High-speed internet services to The Gambia has been disrupted after the submarine fiber optic cable suffered damages near the Mauritanian capital, Nouakchott.
Mauritania was left offline for 48 hours after the submarine cable was severed, according to infrastructure analysts. Nine other West African nations were affected by outages.
The cable system stretches 10,500 miles (17,000 kilometers) from France to South Africa, helping to provide internet connection to 22 countries – mostly on Africa’s West coast.
“While it may not have been completely problem-free over the last 5+ years, online searches do not return any published reports of significant outages caused by damage to the cable, said David Belson, senior director of internet research and analysis at Dyn.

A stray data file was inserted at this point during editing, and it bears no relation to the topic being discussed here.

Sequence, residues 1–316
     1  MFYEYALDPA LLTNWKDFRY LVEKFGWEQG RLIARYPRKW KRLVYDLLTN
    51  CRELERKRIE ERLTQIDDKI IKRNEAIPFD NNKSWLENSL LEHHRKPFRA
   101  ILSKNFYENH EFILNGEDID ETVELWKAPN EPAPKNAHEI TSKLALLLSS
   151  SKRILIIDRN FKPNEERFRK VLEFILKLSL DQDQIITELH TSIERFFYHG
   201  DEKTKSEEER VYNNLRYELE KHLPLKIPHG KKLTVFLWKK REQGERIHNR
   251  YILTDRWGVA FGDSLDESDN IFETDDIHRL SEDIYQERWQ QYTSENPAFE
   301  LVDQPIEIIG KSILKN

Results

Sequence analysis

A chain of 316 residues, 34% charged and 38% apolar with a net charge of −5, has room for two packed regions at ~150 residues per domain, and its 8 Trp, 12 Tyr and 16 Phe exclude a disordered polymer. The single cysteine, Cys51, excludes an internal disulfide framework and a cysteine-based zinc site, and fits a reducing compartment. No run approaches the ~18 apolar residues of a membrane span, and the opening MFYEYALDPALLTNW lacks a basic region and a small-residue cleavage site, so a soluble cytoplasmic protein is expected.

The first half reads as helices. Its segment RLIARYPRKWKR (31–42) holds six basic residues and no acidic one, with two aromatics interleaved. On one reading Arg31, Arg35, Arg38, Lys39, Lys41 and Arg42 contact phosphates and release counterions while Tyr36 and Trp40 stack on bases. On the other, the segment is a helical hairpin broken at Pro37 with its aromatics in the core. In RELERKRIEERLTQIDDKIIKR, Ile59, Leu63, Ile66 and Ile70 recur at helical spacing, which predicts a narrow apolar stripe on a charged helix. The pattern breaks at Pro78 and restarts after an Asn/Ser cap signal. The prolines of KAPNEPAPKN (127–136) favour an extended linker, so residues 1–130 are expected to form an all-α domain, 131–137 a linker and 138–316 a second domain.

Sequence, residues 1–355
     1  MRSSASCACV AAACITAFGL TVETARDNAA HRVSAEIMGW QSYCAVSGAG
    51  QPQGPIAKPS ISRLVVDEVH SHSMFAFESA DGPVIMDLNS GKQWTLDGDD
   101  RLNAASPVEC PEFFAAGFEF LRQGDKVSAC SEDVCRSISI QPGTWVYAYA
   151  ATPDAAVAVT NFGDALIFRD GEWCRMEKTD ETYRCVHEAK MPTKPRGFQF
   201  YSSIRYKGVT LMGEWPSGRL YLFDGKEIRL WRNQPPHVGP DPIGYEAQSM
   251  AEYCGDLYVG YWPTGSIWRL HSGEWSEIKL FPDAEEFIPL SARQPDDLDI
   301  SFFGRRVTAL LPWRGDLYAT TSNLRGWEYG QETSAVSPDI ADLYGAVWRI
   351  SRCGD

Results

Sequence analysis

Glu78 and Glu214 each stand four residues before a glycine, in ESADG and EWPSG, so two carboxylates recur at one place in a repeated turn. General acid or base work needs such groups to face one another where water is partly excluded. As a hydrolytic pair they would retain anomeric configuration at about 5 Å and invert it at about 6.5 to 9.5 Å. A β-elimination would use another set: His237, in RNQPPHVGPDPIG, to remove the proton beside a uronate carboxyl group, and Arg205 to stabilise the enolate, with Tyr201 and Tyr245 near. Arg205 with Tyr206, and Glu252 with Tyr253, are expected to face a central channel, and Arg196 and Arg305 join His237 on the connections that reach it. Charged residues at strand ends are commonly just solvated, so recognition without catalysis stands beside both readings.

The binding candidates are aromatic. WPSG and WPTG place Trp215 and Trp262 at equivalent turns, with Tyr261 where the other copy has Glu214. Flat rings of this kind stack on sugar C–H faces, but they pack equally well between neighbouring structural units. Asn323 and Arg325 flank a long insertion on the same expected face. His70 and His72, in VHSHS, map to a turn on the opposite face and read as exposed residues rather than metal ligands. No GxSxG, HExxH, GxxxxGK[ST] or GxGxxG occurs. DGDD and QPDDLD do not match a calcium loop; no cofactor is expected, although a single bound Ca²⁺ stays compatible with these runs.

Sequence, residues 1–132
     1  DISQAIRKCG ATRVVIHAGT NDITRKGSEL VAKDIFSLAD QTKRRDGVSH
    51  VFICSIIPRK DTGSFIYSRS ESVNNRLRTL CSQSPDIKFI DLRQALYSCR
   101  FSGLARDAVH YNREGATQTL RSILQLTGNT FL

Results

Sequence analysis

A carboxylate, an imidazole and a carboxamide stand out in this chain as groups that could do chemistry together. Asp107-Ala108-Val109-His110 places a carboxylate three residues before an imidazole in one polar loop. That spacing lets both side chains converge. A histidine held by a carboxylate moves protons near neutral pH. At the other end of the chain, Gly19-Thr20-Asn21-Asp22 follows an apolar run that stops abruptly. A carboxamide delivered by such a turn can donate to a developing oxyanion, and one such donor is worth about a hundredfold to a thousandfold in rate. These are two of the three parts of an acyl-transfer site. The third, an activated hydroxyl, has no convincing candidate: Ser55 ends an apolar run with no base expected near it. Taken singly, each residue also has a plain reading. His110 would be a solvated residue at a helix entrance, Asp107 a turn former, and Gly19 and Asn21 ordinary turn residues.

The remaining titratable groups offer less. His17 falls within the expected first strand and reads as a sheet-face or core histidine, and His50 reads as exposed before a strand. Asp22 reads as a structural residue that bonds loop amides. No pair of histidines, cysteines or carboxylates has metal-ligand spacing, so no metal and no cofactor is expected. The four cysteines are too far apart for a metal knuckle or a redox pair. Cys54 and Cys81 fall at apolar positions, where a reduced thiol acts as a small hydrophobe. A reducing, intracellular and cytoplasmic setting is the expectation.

“The differences in duration and severity may be related to the other international internet connections, via terrestrial cable or satellite, that the providers in these countries have in place, resulting in varying levels of reliance on the ACE cable system.”
Sierra Leone, Liberia, Guinea-Bissau, Guinea, and the Gambia also experienced significant disruption, while Benin, Senegal, Equatorial Guinea and the Ivory Coast all saw less serious problems.
Recent years have seen several incidents involving submarine cable cuts that caused major internet disruption. Ships’ anchors are often the culprits—one managed to take out three cables off the Channel Islands in 2016, while anchor-related breaks caused chaos across the Middle East and India in 2008, and much of East Africa in 2012.
The Gambia has one of the highest fees for internet service and connections are often slow and buffers. Outages like this rarely make the headlines, but it’s a good reminder of exactly how fragile much of the internet’s infrastructure still is — particularly in places like West Africa.
When a major cable gets cut, every other connection has to strain to pick up the slack. When there’s no other infrastructure to rely on, connectivity simply drops out. Lacking investment, the internet becomes less reliable for the entire region.